It was the cover of a Polish magazine, The Network (wSieci ), that sparked debate this time. It features the image of a white woman, wearing the European Union flag as a dress, her face contorted in agony as she is being groped and assaulted by dark-skinned male arms.
This eye-popping mise-en-scène is entitled: "Islamic Rape Of Europe". The cover, as well as the articles in this week's issue, are devoted to the question of migration and the sexual assaults of European women, for which the recent flow of refugees to Europe have been accused.
As expected, users of social networks, as well as some mainstream media, compared the provocative cover to Hitler's Nazi Germany or Mussolini's Italian fascist propaganda.
This fragile white woman with her blond frizz grabbed by muscular dark men's hands undoubtedly reminds us of the fascist campaigns against Jews and North African men in the 1930s, including the infamous: "Defend! It can be your mother, your wife, your sister, your daughter".
Meanwhile, Twitter discussions revealed three active groups of participants: offended Muslims, some of who claim that the cover is the evil result of western standards of free speech; proud extreme-right Europeans who claim that the magazine reveals the truth; and leftists, who whipped out the term Islamophobia and some have even called for a ban on such publications.
I don't know about you, but to me all three groups are very questionable factions with no less questionable arguments. I wouldn't join any of them.
The controversial magazine cover is clear mauvais goût; its intellectual bankruptcy is not hard to notice with the racist and xenophobic undertones. But the amalgam of ethnicity, refugees, Islam and rape stifles any chance of convincing a rational reader of the legitimacy of its message.
Even though I dislike the cover, I am convinced that this image follows the western standards of freedom of speech and has a right to be exposed to the public. Moreover, banning a message that does not please many, including myself, will simply indicate the existence of limits to freedom of expression in Europe. And I really hate to think about that.
But I am also outraged by the recurrent claims of "Islamophobia" from the regressive left. This term, some claim, was first used by Iranian mullahs, and even though it is often used incorrectly as a synonym for racism, it surely only calls for one thing – a ban on criticising Islam (which I often enjoy doing). Are we really still talking about Islamophobia? Even after the Charlie Hebdo killings?
While the cover of the magazine does not deserve more attention than it has already received, the debates around it surely do, as they reflect the state of today's crippled European society. A society that is in the middle of a refugee crisis, a society that went through terrorist attacks committed by extreme Islamists, horrific sex attacks in Cologne...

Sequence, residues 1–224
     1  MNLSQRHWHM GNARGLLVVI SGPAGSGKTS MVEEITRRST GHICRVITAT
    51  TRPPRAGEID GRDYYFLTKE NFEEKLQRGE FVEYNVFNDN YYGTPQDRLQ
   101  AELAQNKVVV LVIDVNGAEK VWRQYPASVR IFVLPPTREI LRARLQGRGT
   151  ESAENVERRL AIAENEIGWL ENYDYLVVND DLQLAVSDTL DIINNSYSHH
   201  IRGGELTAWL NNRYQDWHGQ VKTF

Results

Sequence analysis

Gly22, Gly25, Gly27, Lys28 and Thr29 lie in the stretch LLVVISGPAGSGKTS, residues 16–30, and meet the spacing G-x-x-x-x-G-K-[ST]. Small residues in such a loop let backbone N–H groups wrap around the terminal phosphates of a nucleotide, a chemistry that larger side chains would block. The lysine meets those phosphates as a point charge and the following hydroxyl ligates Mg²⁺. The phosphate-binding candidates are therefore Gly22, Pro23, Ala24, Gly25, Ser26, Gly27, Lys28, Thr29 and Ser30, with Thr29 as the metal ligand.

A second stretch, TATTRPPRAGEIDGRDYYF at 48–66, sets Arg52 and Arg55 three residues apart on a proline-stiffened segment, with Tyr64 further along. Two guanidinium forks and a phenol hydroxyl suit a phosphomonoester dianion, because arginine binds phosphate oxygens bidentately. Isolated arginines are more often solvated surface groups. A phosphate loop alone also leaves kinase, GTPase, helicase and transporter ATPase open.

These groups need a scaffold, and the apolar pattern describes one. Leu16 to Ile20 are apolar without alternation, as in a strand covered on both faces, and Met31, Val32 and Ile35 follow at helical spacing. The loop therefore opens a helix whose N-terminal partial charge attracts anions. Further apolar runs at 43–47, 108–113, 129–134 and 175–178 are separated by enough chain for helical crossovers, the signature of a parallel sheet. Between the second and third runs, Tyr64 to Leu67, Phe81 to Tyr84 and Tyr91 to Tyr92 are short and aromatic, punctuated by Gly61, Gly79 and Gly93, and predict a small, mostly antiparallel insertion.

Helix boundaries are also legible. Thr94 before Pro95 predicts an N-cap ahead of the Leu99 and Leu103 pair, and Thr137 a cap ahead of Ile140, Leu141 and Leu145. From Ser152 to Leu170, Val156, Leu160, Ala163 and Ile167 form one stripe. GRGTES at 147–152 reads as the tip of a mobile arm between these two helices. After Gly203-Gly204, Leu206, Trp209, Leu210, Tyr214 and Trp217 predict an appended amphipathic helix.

Europe feels the anger of European Muslims, as we hear populist right-wing speeches filled with xenophobia, but we also observe the silence or deliberate hiding of the current problems by many leftists, whose praise of multiculturalism as a reaction feeds the rise of xenophobes.
To have reasonable debates and analysis of today's European reality is difficult, as many appear not to be able to distinguish between criticism of religion, and the demonisation of a group of people. Some are unable to see the difference between rapists (including foreigners) and those who flee to Europe to survive and save their children.
The regressive left, however, are unable to honestly recognise Europe's failure at integrating newcomers and admit the urgent need to promote universalism, even after the Cologne attacks. Instead, they use self-defence as an a priori failed notion of "European multiculturalism".
It often appears to me that Europe is politically divided today into two big gangs of fools: xenophobes (the extreme right-wing) and xenophiles (the regressive left). The xenophobes are loud and the xenophiles are deliberately silent. And if you think this will not destroy Europe, you might be a fool yourself.
All of this causes a growing civil conflict. As many leftists have yielded space to the right-wing, the latter has managed to spark a real campaign against foreigners, with a focus on Muslims, and the Polish magazine's cover is just a small example of this.
What's important is that this clash between right-wing and European Muslims is specifically desired by Isis , whose goal is to destroy the West in order to establish their caliphate.
As they openly claim in an essay entitled: "Eliminating the Grey zone" which appears in their English language media Dabiq, Isis' goal is dividing the world into two groups: the camp of Islam and the camp of the West. They call for the elimination of what they call the "grey zone", countries where Muslims and Europeans coexist peacefully. Therefore, we can assume, the goal of the November attacks in Paris was not solely to spread fear among the Europeans, but also to antagonise them and cultivate a suspicion of Muslims.
It is time to oppose the attempts of the right-wing to spread hatred and fear, and to reject the silence of the leftists. To get rid off the notion of borders and identities of the right-wing, and multiculturalism of the regressive left. Liberals must let their voices be heard.
We must enjoy limitless freedom of speech and coexistence with people of different opinions. But not be scared to point out the sexist and violent sides of religions and cultures, sharing the universal values of humanism and equality with others. It is time to recall the fundamental values of Europe and, urgently apply them in our everyday life.
And we must accept that the covers of Charlie Hebdo or The Network simply illustrate the diversity of ideas we are all peacefully able to support, criticise or mock - without creating a civil war.
Inna Shevchenko is leader of the feminist protest group FEMEN